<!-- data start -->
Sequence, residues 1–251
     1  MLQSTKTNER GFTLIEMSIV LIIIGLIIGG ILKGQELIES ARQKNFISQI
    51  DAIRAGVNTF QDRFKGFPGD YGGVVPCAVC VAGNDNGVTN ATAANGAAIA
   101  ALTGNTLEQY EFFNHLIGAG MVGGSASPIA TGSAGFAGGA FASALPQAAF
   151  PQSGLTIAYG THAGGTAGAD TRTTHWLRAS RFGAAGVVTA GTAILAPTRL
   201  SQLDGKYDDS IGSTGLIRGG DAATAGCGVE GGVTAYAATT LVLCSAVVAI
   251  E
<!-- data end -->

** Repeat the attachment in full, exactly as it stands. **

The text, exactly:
Sequence, residues 1–251
     1  MLQSTKTNER GFTLIEMSIV LIIIGLIIGG ILKGQELIES ARQKNFISQI
    51  DAIRAGVNTF QDRFKGFPGD YGGVVPCAVC VAGNDNGVTN ATAANGAAIA
   101  ALTGNTLEQY EFFNHLIGAG MVGGSASPIA TGSAGFAGGA FASALPQAAF
   151  PQSGLTIAYG THAGGTAGAD TRTTHWLRAS RFGAAGVVTA GTAILAPTRL
   201  SQLDGKYDDS IGSTGLIRGG DAATAGCGVE GGVTAYAATT LVLCSAVVAI
   251  E